1. Restore fiscal responsibility
    1. Reduce high labor costs
  2. Commit to a 5 year fiscal recovery plan
  3. Conduct performance audits of all City funds and Departments
  4. Implement Managed Competition
  5. Strong Mayor Authorities (Ballot Initiatives 2010)
    1. Make mayor Chief Labor Negotiator for City.
    2. Eliminate Veto power of employees of Retirement Changes.
  6. Reform City salaries and benefits (Cheers broke out)

The little rube went on to promote his vision of "Clean and Safe Neighborhoods" through a "Collaborative Governance Model." He then went on to pitch his changes and desires for "Open and Honest Goverment (sic)." He then receives a round of applause when he said he would "Reject any tax measures." His loudest applause came when he pitched his desire to seek ballot initiatives to force reforms to city salaries and benefits.

Having watched this little rube in the past and watching him work a crowd; he is a dangerous politician. His sound bites are so short and lacking of detail, it is hard to argue with him. He does not provide enough substance to challenge or refute him on a larger scale. One example of this is his Twitter post this afternoon where he posts the following; "More from my State of the District speech tonight: per capita city debt stands at $17,800 for each San Diego family." So how about someone out there do the math? There were 450,691 households in 2000 per the census in San Diego. $8,022,299,800 is the debt for the City of San Diego according to the little rube. Really?

The most concerning part of what the little rube had to say for me was his pledge and rally cry to seek ballot initiatives to "force reforms to city salaries and benefits." He received the loudest applause for this comment and then rallied the crowd with; "Are you all with me?" Rest assured he already has them written and the mayor is on board with them. This means the downtown business groups are on board and the various backers of business owners who have the money to make it happen.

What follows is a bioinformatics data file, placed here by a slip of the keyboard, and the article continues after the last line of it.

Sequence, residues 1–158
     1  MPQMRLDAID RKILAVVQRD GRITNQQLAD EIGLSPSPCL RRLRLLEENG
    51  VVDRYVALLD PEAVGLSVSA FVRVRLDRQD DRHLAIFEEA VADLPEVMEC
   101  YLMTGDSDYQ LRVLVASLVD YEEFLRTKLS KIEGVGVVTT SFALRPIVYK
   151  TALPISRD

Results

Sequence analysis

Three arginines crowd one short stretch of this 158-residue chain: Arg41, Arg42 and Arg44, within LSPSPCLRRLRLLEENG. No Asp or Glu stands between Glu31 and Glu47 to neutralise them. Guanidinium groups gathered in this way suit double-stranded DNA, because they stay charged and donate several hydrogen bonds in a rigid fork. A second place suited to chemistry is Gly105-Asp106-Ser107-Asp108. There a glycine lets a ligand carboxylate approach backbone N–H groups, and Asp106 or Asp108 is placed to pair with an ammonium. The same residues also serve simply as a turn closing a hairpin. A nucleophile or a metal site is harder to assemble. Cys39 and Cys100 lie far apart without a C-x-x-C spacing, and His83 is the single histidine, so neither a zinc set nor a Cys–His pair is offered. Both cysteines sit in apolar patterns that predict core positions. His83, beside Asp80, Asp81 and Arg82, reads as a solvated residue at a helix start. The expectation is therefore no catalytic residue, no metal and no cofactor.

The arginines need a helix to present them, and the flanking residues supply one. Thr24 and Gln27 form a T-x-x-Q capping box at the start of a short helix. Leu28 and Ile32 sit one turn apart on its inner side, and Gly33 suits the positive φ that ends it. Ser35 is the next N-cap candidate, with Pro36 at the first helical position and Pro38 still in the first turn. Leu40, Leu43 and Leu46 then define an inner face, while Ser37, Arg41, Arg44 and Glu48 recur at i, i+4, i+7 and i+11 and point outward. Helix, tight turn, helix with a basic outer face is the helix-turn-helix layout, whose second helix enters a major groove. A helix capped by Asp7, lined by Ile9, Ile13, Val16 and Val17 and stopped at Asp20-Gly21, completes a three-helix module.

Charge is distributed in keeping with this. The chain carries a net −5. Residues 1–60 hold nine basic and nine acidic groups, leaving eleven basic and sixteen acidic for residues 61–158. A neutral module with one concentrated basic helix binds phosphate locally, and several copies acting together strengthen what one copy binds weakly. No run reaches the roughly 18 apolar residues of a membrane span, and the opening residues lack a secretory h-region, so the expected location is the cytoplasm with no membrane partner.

We are going to have to get involved and prepare a competing initiative to preserve our benefits. This is going to take a concerted effort and money. It will require officers for the first time in the lives of those still here, to go door to door seeking support and educating the voters. It will be a long and hard battle to fight. One we can ill afford to ignore or take for granted. If we are to be successful, we need to begin NOW and work 24/7 until the votes are counted in 2010.

We can discuss this more in later posts and work toward a common goal of preserving our benefits.

Monday, July 20, 2009

SDPOA Board of Director's Need Your Support

"Enthusiasm over experience"

Where have we heard that before? My last post seems to have sparked a bit of a fire. Somehow the comments migrated to the SDPOA Board of Directors; name calling; accusation; and finger pointing. Sometimes it's good to let off a little steam and let out frustrations in venues that allow for this type of release. I addressed some of the musings within the comments section of the post, but thought I would take some time and provide a perspective from one who ended up the focus of similar name calling, finger pointing and accusations; some at the hands of current Board members before they were elected.

We live in a politically charged time where frustrations have reached their limits. The constant haranguing by the media, politicians and citizens has taken their toll on the best of us. In 2005, we faced down a city that was blaming its employees for all of the ills of a budget out of balance and a retirement system that was intentionally underfunded. We offered concessions which amounted to giving back the entire "Retirement pick-up" being paid by the city on the employee's behalf. We would be giving back 11% and over a three year period we would get back 9 ½% by way of pay increases and increases to add on pays. The city balked at our proposal and imposed a 3.2% elimination of the retirement pick-up followed by a 1.57% elimination of the same; totaling 4.77%. New hires lost DROP and there were other reductions.

The result was an angry membership and a member who is now a current board member, standing in the crowd during the membership meeting; demanding the board hire a "Professional Negotiator" and for the SDPOA to sue the City. The yelling was loud and angry; accusations of incompetence and ignorance were thrown at the board by members. The board was blamed for the failure to reach agreement. A group of members began to assemble to wage war and began to schedule protests walks and pickets in an attempt to show displeasure with what was happening. The law suits were eventually undertaken after much discussion and argument.